The case for (CSR) Sustainability


I wholeheartedly believe that business cannot talk seriously about the future, “sustainable competitive advantage” and “sustainable profits” with out embracing sustainability. Any “Business Leader” worthy of the title must realise that “business” does not exist in a vacuum but is reliant upon every other domain within our global ecosystem! Strategy for Sustainability: A Business Manifesto

I would recommend anyone with an interest in embedding sustainability into their business to read Adam Werbach’s book Strategy for Sustainability. He is, after all, the man who was “vilified” by the green lobby for working with Wal-Mart but, low-and-behold, a few years down the line, here in this article about CSR and sustainability we have the CEO – of a firm with a once dubious reputation in this field – extolling the virtues of just such an approach. They would not be doing so unless it showed on their bottom-line!!!

 

Sustainability, like Complexity management, isn’t just “good for business” it’s good for everyone.

 

This extract from 2Sustain, a great blog on the subject matter:      

 

Again and again, I’ve seen how sound CSR policy translates into solid business success, and that’s precisely why the title of Aneel Karnani’s recent Wall Street Journal article, The Case Against Corporate Social Responsibility, caught my eye.

 

In sum, Karnani’s basic premise is that CSR efforts are either irrelevant or ineffective. “The idea that companies have a responsibility to act in the public interest and will profit from doing so is fundamentally flawed,” he writes . . .

 

. . . and I’m sure it won’t surprise you to learn that I whole-heartedly disagree.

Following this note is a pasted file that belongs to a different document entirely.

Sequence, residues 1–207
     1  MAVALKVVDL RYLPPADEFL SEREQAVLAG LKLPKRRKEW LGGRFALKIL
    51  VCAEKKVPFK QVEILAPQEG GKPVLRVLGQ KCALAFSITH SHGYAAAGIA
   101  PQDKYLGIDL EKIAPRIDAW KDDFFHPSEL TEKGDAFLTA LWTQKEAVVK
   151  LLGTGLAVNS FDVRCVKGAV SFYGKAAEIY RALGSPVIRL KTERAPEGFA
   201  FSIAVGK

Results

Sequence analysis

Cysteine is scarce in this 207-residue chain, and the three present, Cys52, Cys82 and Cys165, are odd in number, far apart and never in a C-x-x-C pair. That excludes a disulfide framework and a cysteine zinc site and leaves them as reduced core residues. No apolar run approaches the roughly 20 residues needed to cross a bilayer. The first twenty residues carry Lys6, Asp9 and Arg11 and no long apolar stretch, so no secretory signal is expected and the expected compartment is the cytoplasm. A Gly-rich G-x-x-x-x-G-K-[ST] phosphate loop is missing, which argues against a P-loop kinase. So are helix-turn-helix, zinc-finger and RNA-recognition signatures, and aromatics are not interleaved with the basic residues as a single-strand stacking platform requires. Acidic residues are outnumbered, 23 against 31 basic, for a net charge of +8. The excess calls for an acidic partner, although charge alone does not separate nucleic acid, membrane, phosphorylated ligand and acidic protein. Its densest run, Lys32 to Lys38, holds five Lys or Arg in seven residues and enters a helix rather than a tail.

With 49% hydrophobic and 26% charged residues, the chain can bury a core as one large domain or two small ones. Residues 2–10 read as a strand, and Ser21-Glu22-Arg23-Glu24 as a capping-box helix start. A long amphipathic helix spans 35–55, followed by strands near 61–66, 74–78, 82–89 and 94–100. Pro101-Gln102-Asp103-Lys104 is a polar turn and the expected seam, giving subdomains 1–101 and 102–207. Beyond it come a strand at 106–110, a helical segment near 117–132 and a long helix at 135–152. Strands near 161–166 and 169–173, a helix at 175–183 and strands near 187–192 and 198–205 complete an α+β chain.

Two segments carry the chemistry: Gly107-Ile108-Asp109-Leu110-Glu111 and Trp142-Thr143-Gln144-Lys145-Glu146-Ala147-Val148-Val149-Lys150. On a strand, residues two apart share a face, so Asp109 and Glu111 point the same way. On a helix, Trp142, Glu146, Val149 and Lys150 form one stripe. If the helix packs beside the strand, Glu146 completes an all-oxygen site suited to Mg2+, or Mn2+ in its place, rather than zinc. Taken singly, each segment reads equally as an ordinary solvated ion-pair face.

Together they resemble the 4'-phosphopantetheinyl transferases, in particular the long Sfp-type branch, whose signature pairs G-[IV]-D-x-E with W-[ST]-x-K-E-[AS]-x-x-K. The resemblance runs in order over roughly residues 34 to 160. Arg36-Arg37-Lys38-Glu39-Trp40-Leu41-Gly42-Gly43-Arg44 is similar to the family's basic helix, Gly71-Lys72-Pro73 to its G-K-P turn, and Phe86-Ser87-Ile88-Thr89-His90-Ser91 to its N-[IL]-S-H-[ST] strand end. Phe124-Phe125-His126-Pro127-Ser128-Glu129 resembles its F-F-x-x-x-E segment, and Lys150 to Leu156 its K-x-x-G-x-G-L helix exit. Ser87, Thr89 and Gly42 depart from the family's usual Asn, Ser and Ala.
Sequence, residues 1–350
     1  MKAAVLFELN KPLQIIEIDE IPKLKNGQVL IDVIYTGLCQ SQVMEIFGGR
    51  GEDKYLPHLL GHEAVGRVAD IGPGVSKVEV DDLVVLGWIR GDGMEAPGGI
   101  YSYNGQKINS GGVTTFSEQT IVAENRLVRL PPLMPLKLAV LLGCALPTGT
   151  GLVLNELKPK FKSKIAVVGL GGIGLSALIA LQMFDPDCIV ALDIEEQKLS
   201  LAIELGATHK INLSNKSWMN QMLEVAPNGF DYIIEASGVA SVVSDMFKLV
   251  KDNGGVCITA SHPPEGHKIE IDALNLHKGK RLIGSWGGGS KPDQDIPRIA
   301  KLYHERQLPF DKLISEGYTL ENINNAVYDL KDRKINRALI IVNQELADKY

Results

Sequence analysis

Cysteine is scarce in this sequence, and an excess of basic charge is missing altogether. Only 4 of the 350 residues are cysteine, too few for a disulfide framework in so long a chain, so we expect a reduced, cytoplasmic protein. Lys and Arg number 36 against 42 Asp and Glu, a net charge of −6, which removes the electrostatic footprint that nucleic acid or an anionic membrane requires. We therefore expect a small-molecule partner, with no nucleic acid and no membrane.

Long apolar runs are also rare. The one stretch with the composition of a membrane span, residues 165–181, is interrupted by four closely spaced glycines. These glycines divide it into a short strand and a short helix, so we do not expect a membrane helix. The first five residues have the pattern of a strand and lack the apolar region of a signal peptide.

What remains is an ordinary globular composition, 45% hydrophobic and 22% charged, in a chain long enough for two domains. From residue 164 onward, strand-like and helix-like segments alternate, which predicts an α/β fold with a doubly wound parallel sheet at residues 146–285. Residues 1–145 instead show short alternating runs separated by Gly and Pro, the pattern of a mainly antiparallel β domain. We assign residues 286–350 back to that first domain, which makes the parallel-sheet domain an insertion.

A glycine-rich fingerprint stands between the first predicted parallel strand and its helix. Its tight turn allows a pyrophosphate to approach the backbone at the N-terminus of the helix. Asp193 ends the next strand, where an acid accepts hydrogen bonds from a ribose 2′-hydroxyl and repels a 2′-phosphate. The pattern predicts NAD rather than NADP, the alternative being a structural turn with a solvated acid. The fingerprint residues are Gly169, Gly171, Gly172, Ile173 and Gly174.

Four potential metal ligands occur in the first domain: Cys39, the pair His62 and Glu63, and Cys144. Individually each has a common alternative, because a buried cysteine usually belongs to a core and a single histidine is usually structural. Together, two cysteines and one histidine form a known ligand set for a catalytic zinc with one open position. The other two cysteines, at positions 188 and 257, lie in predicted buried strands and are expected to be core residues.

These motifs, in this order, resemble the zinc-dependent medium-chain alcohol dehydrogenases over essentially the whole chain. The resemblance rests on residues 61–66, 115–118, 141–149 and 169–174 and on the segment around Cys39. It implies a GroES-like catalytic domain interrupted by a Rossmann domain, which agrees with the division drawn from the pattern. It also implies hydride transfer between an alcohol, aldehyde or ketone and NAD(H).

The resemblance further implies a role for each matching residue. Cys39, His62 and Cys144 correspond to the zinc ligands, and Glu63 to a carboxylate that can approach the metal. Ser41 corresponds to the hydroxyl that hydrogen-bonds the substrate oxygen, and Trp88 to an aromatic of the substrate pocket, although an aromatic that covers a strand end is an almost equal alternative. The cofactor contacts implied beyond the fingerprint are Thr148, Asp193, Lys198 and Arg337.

The concept of CSR isn’t flawed. What’s flawed is the mind-set that adheres blindly to the tired, old mantra that claims “the business of business is doing business.”

Sure, businesses want to make profits. But ultimately, the ability to make profits is affected by social and environmental issues. Scarce natural resources drive up prices. Poverty and poor education impact the workforce. The list goes on and on, and any company with ambition must realize that they have no choice but to engage –not only because it’s the right thing to do, but because in the end, a commitment to CSR helps mitigate risks and ultimately, benefits the bottom line.

 

McKinsey & Company deep dives into these issues in the report, Shaping the Future: Solving Social Problems through Business Strategy. Sub-titled, “Pathways to sustainable value creation in 2020,” this paper encourages a shift in mind-set, a new approach that enables companies to create value while simultaneously addressing social problems.

 

As Mike Duke, CEO, Wal-Mart Stores, Inc., explains in the report, “More will be expected from market leaders and globally successful companies, and those companies who are most involved will be most successful, creating an upward spiral.”

 

Bill Weldon, from Johnson & Johnson, agrees. “We all have to contribute to sustainable solutions over time –not any one group can do it alone,” he says. “You cannot assume that everyone else will address the problem and that you do not have to engage. If we do not align ourselves and work in a collective way on these social issues, everybody will be worse off.”

 

So, despite Karnani’s outdated and hollow insistence that CSR is ineffective and irrelevant, I’m going to side with business leaders like Duke and Weldon and continue to make the Case for Corporate Social Responsibility. In our increasingly interconnected and interdependent world, there really is no other way to achieve long-term business success.

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